Electricity Consumption; (i) by household was increased from 635 GWh in fiscal year 1972 to 55,722 GWh in fiscal year;(ii) by agriculture from 997 GWh in fiscal year 972 to 10,238 GWh in fiscal year 2022; (iii) industrial from 2,855 GWh in fiscal year 1972 to 29,954 GWh in fiscal year 2022.

Education: (i) literacy rate increased from 16.4% in 1951 to 62.8% in 2020-21 with male literacy rate from 19.8% in 1951 to 73.4% 2020-21, female Literacy rate from 12.6% in 1951 to 51.9% in 2020-21.

According to Finance Ministry, enrolment in Educational Institutes; (i) primary schools increased from 770 thousand in 1947-48 to 25,676 thousand in 2020-21, technical and vocational increased from four thousand in 1947-48 to 500 thousand in 2020-21 and degree colleges increased from 4,368 in 1947-48 to 758 thousand in 2020-21 while universities education enrolment increased from 644 in 1947-48 to 1,964 thousand in 2020-21.

Number of Educational Institutes: (i) primary schools increased from 8.4 thousand in 1947-48 to 187.9 thousand in 2020-21, technical and vocational increased from 46 in 1947-48 to 3,914 in 2020-21 and degree colleges increased from 40 in 1959-60 to 3,872 in 2020-21, while numbers of universities increased from 2 in 1947-48 to 233 in 2020-21.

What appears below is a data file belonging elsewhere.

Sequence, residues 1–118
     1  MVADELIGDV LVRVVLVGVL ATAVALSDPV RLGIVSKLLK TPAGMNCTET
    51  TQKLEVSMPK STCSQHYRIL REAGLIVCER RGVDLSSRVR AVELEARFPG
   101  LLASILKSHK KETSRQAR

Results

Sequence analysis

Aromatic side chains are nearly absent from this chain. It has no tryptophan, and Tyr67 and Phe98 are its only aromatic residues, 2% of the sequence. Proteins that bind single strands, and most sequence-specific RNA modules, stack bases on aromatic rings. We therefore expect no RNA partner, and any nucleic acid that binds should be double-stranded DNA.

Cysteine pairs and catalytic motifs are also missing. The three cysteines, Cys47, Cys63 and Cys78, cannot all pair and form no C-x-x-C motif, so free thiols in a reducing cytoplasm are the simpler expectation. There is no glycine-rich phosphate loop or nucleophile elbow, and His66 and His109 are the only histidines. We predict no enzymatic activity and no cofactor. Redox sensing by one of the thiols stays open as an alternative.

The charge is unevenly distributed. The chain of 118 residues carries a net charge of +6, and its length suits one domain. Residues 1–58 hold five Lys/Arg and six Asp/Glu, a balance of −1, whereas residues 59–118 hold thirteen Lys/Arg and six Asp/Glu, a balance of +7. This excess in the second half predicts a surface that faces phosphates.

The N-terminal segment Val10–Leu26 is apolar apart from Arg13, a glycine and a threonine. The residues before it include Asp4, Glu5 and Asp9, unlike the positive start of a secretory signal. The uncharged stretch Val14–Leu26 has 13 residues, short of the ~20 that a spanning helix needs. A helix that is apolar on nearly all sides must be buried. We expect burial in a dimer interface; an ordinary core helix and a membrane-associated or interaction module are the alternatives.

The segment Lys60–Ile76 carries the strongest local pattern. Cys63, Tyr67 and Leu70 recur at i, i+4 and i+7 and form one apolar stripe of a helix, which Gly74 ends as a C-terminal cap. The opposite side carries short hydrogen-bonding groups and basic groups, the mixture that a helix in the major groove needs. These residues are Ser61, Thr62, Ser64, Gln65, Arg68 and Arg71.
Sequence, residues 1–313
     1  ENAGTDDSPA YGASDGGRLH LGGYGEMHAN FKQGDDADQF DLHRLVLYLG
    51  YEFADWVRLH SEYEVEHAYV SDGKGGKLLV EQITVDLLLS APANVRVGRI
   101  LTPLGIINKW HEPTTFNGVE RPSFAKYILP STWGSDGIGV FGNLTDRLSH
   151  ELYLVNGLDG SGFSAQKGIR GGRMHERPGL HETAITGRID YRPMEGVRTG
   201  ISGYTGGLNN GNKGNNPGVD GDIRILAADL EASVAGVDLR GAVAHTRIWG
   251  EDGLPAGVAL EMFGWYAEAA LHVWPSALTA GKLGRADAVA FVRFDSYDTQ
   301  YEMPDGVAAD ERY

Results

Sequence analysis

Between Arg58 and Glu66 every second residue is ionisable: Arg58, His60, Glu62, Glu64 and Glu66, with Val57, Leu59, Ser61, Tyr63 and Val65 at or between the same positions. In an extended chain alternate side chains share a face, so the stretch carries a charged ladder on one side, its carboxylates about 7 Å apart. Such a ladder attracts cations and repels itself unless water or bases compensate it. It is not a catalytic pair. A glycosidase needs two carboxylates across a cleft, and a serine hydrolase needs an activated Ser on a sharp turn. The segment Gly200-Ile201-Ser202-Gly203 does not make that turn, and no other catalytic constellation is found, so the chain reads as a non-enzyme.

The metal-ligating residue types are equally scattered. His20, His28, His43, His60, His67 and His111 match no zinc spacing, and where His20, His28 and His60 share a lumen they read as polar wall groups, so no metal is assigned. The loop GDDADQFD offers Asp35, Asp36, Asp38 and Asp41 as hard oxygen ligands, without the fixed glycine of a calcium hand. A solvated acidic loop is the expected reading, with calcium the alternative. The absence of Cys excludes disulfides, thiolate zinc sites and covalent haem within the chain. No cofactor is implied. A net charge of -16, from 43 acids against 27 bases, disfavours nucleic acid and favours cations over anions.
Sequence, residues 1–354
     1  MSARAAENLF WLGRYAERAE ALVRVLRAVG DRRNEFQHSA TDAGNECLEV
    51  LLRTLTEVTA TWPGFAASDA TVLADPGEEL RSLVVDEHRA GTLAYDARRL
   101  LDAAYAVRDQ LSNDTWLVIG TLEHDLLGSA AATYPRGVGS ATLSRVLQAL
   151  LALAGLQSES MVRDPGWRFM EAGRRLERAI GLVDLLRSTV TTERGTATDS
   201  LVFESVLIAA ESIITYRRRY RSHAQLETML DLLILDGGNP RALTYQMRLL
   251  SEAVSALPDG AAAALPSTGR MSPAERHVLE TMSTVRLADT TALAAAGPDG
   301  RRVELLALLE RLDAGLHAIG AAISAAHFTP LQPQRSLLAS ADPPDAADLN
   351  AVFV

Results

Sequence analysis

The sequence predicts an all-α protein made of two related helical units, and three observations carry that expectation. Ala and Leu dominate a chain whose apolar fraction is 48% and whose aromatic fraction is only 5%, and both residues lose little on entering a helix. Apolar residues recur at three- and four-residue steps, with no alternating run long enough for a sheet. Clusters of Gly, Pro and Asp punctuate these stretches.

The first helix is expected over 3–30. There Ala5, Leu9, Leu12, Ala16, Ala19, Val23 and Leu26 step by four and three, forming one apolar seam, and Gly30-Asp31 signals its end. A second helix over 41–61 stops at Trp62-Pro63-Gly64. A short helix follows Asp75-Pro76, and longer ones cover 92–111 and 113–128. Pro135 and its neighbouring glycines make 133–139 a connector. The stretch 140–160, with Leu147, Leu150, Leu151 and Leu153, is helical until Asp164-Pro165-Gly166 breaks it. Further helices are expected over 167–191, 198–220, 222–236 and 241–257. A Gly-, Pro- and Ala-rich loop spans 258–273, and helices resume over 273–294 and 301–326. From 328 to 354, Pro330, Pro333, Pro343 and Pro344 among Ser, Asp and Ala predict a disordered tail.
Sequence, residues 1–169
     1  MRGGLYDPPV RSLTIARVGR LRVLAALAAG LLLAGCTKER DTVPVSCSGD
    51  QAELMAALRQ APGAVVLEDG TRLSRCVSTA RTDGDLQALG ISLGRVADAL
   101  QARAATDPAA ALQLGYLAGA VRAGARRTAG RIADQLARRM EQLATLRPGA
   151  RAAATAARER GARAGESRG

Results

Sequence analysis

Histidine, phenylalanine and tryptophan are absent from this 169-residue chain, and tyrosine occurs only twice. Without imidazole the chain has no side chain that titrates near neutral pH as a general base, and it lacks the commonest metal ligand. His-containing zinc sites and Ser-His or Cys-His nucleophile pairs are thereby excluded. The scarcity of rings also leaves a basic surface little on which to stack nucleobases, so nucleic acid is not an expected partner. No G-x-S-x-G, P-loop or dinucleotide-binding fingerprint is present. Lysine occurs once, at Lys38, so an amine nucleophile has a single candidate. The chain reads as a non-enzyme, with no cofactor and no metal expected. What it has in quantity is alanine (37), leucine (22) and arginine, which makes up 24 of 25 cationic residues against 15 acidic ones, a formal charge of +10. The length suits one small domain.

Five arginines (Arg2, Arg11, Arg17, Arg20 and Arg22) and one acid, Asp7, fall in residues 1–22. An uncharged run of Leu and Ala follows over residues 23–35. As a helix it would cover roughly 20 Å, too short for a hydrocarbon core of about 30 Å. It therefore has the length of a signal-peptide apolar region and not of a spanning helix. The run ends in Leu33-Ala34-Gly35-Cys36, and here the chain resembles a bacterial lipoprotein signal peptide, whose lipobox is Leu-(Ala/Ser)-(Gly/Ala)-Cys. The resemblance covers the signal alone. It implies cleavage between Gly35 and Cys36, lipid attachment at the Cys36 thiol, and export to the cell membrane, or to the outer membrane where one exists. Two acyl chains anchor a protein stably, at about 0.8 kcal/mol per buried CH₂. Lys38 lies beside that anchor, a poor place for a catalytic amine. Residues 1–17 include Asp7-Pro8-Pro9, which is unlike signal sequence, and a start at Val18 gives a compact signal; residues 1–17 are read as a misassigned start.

Health: Number of hospitals (Public) increased from 292 in 1947 to 1,276 in 2021, infant mortality of 150-180 (per thousand) in 1947 decreased to 58.9 (per thousand) in 2021. Health expenditures increased from Rs1 million in 1947-48 to Rs 657,185 million in 2020-21 while life expectancy increased from 50 years in 1970 to 67.4 years by 2020.

Transport and Communication: telephone and mobile users increased from 15,200 in 1947 to 194.2 million in 2021, registered vehicles versus road lengths increased from 31,892 in 1947 to 32.4 million in 2021.

Population and labour-force; (i) population size increased from 65.3 million in 1972 to 207.7 million in 2017; population is estimated at 227.0 million in 2022. Employed labour force increased from 16.24 million in 1964 to 67.25 million in 2020-21, and poverty headcounts decreased from 40.24% in 1969 to 21.9% in 2018-19.